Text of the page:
This being the last Friday of the month, it’s time for promoting positive news via We Are the World Blogfest. I like to think of us as ambassadors highlighting little pockets of love and light for others to celebrate as well.
The special lead co-hosts for this month are: Simon Falk, Roshan Radhakrishnan, Inderpreet Uppal, Sylvia Stein, Damyanti Biswas. You can participate by signing up here, and I encourage you to check out all the other bloggers participating as well.
This month I’ve blogged daily creating an abecedarium on all manner of topics related to flora, and keeping with that theme, this month I wanted to highlight some gardening good news.
But first some facts. According to the Feeding America, 42 million people struggle with hunger in the United States, including 13 million children and 5.4 million seniors. Many millions of people! Even more horrendous, more than half a million people in the United States are homeless. The homeless numbers are official statistics, and frankly I’m inclined to believe they are underreported. These figures are staggering; the issues are heart-breaking; and the need for solutions is great.
So today I want to introduce you to The Homeless Garden Project in Santa Cruz, California.
The Homeless Garden Project provides job training, transitional employment and support services to people who are homeless. Their vibrant education and volunteer program for the broad community blends formal, experiential and service-learning. They share 5,000 lbs of produce with the most vulnerable members of their community.
Here’s a link to their website, and while there is much to explore, and hopefully you’ll be inspired to do so, I’m heading you to their page with their mission statement.
This video offers a wider view of what the program is about:
This is not a new program, the first seeds of future iterations began in 1990. But it is a model program, an example of what IS possible, and a point of light in this world.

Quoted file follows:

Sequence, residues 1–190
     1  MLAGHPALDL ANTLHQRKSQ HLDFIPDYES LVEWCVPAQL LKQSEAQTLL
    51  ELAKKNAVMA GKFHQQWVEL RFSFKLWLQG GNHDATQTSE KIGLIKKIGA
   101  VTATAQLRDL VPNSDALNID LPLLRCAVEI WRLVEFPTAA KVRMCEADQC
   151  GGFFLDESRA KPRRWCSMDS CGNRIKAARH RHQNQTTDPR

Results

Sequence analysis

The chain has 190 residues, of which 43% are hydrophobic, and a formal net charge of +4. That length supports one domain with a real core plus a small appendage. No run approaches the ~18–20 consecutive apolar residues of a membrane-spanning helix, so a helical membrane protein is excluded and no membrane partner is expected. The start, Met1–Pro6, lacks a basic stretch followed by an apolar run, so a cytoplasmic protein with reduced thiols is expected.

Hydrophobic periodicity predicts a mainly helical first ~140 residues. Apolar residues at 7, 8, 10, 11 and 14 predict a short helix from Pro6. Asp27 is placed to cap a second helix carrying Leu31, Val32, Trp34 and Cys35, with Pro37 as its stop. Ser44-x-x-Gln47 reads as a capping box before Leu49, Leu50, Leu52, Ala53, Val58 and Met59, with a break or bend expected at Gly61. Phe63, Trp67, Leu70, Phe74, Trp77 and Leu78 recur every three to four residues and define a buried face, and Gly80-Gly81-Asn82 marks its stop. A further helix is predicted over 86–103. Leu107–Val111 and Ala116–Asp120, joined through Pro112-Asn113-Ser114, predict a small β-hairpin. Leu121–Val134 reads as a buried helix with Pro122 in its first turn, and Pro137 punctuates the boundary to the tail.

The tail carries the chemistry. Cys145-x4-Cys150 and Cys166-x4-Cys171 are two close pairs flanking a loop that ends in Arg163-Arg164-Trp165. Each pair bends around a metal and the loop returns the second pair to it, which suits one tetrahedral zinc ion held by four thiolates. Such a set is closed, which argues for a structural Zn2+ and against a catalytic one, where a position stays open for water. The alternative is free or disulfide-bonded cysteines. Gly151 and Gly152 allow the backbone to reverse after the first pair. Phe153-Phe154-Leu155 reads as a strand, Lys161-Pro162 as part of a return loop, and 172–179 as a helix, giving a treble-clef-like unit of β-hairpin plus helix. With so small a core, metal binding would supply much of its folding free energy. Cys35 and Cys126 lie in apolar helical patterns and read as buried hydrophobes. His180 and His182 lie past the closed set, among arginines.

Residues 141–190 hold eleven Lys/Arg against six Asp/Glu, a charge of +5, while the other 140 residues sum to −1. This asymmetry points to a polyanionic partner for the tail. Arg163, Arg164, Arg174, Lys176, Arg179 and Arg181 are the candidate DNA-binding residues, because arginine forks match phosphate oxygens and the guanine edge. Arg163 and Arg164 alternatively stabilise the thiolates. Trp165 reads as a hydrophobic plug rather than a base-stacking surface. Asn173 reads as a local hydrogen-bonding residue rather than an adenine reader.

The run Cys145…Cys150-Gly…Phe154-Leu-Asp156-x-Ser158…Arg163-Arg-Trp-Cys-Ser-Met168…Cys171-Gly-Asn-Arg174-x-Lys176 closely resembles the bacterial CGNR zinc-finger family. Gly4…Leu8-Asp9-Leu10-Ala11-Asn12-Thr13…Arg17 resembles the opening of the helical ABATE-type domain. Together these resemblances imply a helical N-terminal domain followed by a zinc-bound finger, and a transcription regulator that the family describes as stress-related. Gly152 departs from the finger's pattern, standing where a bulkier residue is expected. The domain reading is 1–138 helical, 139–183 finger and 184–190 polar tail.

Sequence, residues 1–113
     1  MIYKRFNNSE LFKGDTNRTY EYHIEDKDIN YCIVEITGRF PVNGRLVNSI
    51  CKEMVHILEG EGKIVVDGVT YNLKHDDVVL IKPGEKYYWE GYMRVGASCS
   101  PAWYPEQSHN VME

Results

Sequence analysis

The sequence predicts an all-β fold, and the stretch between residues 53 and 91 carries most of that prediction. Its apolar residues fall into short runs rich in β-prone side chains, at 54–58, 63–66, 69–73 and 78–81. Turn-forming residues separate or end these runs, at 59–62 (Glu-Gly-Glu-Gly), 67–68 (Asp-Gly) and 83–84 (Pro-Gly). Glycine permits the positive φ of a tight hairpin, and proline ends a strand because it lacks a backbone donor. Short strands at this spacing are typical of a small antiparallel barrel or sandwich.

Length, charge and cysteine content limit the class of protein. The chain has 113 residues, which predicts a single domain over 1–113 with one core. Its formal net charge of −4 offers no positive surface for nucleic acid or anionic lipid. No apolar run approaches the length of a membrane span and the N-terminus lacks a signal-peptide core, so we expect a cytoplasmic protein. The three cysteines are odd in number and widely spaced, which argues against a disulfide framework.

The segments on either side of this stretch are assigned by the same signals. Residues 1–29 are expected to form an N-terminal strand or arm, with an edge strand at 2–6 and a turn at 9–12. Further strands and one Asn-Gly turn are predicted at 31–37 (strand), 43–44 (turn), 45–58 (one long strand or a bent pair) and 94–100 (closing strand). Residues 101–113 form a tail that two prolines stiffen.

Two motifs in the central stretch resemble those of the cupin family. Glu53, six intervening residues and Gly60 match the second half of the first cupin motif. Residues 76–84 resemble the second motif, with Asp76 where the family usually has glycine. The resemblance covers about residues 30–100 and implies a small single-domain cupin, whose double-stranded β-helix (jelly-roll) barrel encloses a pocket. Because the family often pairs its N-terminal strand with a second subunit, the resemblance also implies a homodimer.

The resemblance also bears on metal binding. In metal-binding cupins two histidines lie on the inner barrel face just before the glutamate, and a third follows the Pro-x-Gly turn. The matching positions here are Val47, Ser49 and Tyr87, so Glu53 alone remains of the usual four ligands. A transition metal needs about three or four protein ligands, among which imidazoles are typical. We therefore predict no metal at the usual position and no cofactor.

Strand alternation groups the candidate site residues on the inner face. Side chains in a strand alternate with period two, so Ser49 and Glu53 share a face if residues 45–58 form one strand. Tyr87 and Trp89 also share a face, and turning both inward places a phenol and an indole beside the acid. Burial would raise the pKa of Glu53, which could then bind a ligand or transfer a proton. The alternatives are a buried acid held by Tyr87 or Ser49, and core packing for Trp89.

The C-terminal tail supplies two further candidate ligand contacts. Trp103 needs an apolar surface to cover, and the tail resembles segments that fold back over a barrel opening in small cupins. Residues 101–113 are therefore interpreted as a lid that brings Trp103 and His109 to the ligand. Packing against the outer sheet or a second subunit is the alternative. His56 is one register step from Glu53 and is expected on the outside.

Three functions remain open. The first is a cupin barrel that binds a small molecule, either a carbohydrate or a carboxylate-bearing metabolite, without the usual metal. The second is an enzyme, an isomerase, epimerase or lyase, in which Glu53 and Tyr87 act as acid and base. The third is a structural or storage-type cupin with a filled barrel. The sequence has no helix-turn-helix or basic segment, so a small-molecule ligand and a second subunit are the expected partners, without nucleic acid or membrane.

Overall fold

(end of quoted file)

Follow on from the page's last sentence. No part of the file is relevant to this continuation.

Above all I believe in these wise words from Micheal Pollan:
“The single greatest lesson the garden teaches is that our relationship to the planet need not be zero-sum, and that as long as the sun still shines and people still can plan and plant, think and do, we can, if we bother to try, find ways to provide for ourselves without diminishing the world.”
May we all find ways to be a blessing to our planet and her inhabitants.
P.S. On a bit of an unrelated, and yet not, note. While I have absolutely no wish to disrespect the desires of the #WATWB hosts, and I’m happy to include the project banner at the top of my post, I am not adding the #WATWB badge to my sidebar. My blog is part of my business website and in keeping the energetic integrity of my work and my site, I do not post badges.
I get a little gentle pushback about this each month which is perfectly fine and I’m not complaining about it. I’m simply posting my position as I know the co-hosts like to try to visit the participating blogs, and this might save them from the extra work of having to contact me. I’m all for lessening drudge tasks and making more time for loving each other and world up.